When Joseph Pulitzer arrived in Boston by ship from Hungary in 1864, he was a penniless 17-year-old mercenary whose passage had been paid by the Massachusetts military recruiters. He immediately enlisted in the Lincoln Calvary and fought with a German immigrant regiment for the duration of the Civil War. After the war he moved to St Louis where his fierce intellect and writing skills gained him employment and connections. He took advantage of every opportunity and by 1879 he had acquired two St Louis newspapers and became a successful publisher. He later moved to New York City and acquired ‘The New York World’ newspaper.
Upon his death, Pulitzer’s estate bequeathed Columbia School of Journalism an endowment that recognized outstanding artistic and journalistic achievement. Since 1917, the Pulitzer Prize has grown into the country’s most prestigious award for the recognition of excellence in journalism, literature, and music in 21 designated categories.
To observe the upcoming centennial of the Pulitzer Prize, we are screening the new documentary Pulitzer At 100 on Wed, Sept 27 in our ‘New Non-Fiction Film’ series. The film features many of the talented recipients of the iconic prize over the years who share their insights and personal stories. The film is scheduled to precede the annual ODU Literary Festival that is held on the campus from Oct 1 – 5.
Washington Post journalist Eugene Robinson is currently serving as board chairman of the Pulitzer Prize committee. He was recently in Chicago to receive the First Amendment Award on behalf of the Pulitzer Prize. This recognition of the Pulitzers was given by the association for Education in Journalism and Mass Communication (AEJMC) and Eugene addressed the audience at their annual conference.
Eugene issued a clarion call for journalists. “We are living through an unprecedented moment – a time when the very idea of unquestioned fact is being questioned. What you teach, and what we honor, is constantly assailed as “fake news” — not by easily dismissed crackpots or lunatics shouting at passing cars, but by the president of the United States.”
“There’s a parallel universe that considers all of us part of a vast fake news conspiracy. In this parallel world, which can be glimpsed in the mornings through “Fox and Friends,” which is kind of an inter-dimensional portal …”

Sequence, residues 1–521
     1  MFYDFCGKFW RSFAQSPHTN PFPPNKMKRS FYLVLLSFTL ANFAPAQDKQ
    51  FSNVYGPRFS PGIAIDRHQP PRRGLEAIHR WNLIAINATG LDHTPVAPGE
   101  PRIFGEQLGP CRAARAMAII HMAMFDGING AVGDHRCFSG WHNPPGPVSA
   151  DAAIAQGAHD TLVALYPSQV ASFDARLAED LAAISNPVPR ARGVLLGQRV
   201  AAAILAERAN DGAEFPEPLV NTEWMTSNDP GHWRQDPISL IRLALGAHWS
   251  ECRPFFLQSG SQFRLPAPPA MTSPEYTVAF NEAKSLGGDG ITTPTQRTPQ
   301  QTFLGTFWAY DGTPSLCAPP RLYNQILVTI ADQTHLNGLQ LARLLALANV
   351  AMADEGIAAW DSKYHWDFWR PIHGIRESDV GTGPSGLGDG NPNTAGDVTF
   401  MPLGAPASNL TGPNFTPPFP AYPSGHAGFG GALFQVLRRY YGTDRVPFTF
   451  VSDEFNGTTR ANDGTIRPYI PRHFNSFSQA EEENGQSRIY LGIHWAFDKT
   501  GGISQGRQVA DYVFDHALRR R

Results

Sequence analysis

“To be clear, we’re not fighting for ourselves. We’re fighting for the public theater we serve, and for truth. We cannot have a democracy without an agreed-upon chronicle of events and a common encyclopedia of facts. That is what seems to be disappearing, and I think this is a crisis.”
Eugene’s warning is legitimate. Mass media, facebook, and partisan propaganda have overwhelmed Americans and sown much confusion and doubt about important issues ranging from climate change to health insurance. Much of the nation’s populace votes against its own interests. They don’t have trust in our government to be able to legislate law or to regulate big business. The politicians that they put into office obstruct any progressive action and the resulting government paralysis means business as usual for corporate polluters and natural resource plunderers.
We are immersed in a culture of marketing scams and lies. We have become accustomed to it all as well as cynical about it. Many of our individual ethical choices are made out of fear or complacency. And our self-interest has allowed powerful monied interests to highjack our government and our culture. We have not been vigilant in protecting the rights granted to us in our democratic society.
Now, I really respect Eugene. I appreciate his astute commentaries published regularly in the Washington Post and his past appearances on MSNBC’s ‘Morning Joe’ when I used to watch cable news. He has himself been awarded the Pulitzer Prize for journalism in 2008.
But Eugene seems not to have fully grasped the biases of corporate journalism in making his acceptance speech. If he had, he could have used his soapbox to challenge the journalists in the room to recognize the shortcomings and failings of the establishment press rather than gloating about a fictionalized journalistic integrity.
The primary motive of the corporate media is of course the pursuit of big profits. Media consolidation over the years has resulted in six big media conglomerates that control 90% of the content consumed by Americans through our viewing, reading, watching, and listening. We live in an American media bubble and corporate journalists control the narrative. Their biases are seldom critiqued by those who are working on the inside.
In contrast to our president, I wouldn’t label establishment journalism as ‘fake news’. Our supreme leader uses the term in waging his cultural war against journalists who are critical of his policies, his ethics, and his personal conduct. But I would counter Eugene’s assertion that corporate journalism pursues the truth for the greater good.
I would instead characterize some of the news and opinion that emanates from the corporate press as ‘dishonest news’. Below I’ll list some of the most glaring examples of ‘dishonest news’:
– The support by the media of the American military empire in the interest of maintaining U.S. world economic dominance. The underlying ethics of funding the world’s largest military-industrial complex as well as the largest global arms purveyor are rarely questioned.